Congrats, though, your non-facts have collected plenty of upvotes.

1 ( +2 / -1 )

I usually agree with you, DT, but not this time.

Ask yourself, if the light rail systems all across the US were so unprofitable, why would major corporations spend a fortune to buy them up and get rid of them? If they were going out of business, the corporations involved could have just stood by and watched them go bankrupt, without any need to force them under, and it is incontrovertible that they bought them up and shut them down.

Offhand I don't remember what year they stopped running in South Cal, but I remember seeing them operate after 1952.

If urban light rail is such a bad idea, why did Chicago and New York refuse to sell their systems, and why are they still operating today? Why are light rail systems operating in cities in Europe, the rest of the Americas, and Asia, but not most of North America? Could it have anything to do with the industries which benefit from forcing people to use cars?

On the subject of the power of certain corporations, why is it that the US is one of the very few countries without a single high speed rail system? Countries all over the world have high speed rail. but our fossil fuel dependent industries spend a fortune making high speed rail a dream and not a reality.

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I remember when we had electric light rail here in South Cal. It was the largest such metro system in the entire world, with over a thousand miles of tracks. What happened to it, you may ask? Thanks to the vagaries of unregulated capitalism, it was destroyed, to make way for higher profits for car makers and gas producers. GM, Standard Oil, and Firestone Tire got together and bought it up, and then ripped up the tracks, and burned the rail cars in massive pyres.

None of that is true. I am old enough to remember all those old Pacific Electric lines running down LA streets. Even though the PE was gone just before I was born I did have lots of opportunities to ride old PCC street cars operated by the MTA, Metropolitan Transportation Authority, on tracks running down the middle of streets in downtown LA. Your story is a common urban tall tale but not at all true.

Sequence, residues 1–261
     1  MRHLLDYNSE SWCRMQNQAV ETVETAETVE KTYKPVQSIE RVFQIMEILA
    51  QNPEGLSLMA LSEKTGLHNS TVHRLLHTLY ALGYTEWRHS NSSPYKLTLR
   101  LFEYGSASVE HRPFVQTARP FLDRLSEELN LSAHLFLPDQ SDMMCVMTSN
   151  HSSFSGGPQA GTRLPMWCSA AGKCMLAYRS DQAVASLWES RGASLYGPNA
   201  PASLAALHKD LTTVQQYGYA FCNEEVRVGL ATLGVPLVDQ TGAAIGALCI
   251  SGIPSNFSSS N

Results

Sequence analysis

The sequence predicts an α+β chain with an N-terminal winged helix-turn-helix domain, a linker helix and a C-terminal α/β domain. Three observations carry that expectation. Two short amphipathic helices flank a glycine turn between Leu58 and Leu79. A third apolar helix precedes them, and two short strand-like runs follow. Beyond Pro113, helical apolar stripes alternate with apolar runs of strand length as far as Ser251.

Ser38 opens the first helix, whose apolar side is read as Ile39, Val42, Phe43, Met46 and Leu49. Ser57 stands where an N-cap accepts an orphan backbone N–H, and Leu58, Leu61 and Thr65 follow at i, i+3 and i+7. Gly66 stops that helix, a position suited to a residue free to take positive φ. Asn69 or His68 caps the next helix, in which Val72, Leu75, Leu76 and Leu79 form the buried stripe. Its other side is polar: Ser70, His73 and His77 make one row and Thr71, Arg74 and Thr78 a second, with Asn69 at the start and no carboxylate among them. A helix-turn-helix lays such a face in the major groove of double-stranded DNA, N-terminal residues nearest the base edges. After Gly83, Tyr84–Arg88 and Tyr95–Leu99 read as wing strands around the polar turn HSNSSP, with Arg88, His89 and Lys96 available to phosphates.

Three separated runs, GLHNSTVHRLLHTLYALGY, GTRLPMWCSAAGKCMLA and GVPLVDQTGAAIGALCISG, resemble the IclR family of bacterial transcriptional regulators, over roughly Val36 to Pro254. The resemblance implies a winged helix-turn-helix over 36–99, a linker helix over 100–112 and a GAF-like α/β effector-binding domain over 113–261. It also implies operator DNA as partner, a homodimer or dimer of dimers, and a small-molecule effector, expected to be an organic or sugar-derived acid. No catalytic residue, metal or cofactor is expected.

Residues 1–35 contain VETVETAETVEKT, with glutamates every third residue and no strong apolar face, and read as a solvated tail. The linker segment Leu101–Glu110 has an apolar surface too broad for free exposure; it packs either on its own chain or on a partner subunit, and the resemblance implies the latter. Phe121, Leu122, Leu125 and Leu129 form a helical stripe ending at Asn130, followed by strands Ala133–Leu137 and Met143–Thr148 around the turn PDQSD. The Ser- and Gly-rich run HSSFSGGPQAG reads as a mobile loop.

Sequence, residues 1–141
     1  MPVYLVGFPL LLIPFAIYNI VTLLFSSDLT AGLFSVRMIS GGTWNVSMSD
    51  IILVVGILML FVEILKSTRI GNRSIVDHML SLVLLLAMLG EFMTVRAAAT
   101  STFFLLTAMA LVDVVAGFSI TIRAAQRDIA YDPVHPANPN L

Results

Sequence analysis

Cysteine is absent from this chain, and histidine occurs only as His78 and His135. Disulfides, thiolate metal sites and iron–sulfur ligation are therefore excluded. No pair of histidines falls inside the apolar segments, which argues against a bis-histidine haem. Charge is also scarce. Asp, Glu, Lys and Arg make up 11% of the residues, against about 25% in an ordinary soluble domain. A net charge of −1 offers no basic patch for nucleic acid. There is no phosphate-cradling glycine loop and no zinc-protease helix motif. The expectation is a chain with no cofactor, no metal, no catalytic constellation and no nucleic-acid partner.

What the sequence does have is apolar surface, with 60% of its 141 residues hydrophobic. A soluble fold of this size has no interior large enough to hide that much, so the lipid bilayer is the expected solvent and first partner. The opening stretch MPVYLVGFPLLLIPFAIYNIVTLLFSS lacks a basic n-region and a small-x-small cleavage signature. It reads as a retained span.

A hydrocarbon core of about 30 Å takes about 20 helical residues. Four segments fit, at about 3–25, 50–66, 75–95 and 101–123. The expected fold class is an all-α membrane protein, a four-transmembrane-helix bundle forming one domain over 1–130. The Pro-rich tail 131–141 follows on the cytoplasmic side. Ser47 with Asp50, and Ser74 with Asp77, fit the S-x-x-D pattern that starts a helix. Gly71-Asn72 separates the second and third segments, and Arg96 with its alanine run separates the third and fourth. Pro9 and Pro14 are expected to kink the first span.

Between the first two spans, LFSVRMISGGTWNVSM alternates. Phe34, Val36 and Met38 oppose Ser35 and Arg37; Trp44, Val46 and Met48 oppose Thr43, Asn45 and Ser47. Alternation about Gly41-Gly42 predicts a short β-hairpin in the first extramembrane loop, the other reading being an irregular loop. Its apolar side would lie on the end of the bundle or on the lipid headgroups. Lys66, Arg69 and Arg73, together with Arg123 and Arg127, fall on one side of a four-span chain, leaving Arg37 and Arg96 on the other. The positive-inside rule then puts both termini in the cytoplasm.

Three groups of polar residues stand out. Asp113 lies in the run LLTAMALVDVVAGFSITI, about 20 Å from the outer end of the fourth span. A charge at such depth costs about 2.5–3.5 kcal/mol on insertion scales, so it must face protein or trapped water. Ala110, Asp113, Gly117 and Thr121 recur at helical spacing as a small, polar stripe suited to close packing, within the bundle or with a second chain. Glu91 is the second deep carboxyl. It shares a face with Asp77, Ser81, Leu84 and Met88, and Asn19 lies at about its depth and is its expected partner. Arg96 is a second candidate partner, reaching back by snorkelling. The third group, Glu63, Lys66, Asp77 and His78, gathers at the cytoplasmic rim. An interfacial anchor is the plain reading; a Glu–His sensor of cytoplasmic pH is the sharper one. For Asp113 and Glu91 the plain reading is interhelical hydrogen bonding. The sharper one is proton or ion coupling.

The Pacific Electric Railway was owned by Southern Pacific Railroad. SP ceased all passenger train operations system wide in 1952. Air travel and the new Interstate Highway system was making passenger rail transportation unprofitable all across the US. Other railroads were either going bankrupt or merging and curtailing their own passenger service. In addition in 1952 SP had a passenger train stranded by snow in Donner Pass that became an expensive emergency followed the same year by the Tehachapi Earthquake that cut the main rail line between northern and southern California, a line that SP owned and ran passenger trains over. SP was in financial trouble and the year before sold off their entire Mexican operation to the Mexican government (SP used to be big in Mexico, now their old operation is called Ferrocarril Mexico).

None of this conspiracy crap you mention is even a little bit true. Passenger rail had become uneconomical across most of the US except the northeast and to Chicago. PE was not public funded. Btw, the rights of way for those old PE lines were Federal property since SP received the usual 20 square miles of free US Government land for each mile of rail laid. That is how SP became the largest private land owner in California. The rail lines persisted for decades afterwards. There were no pyres of old railroad ties. I grew up right by a former PE line down Sepulveda Bl.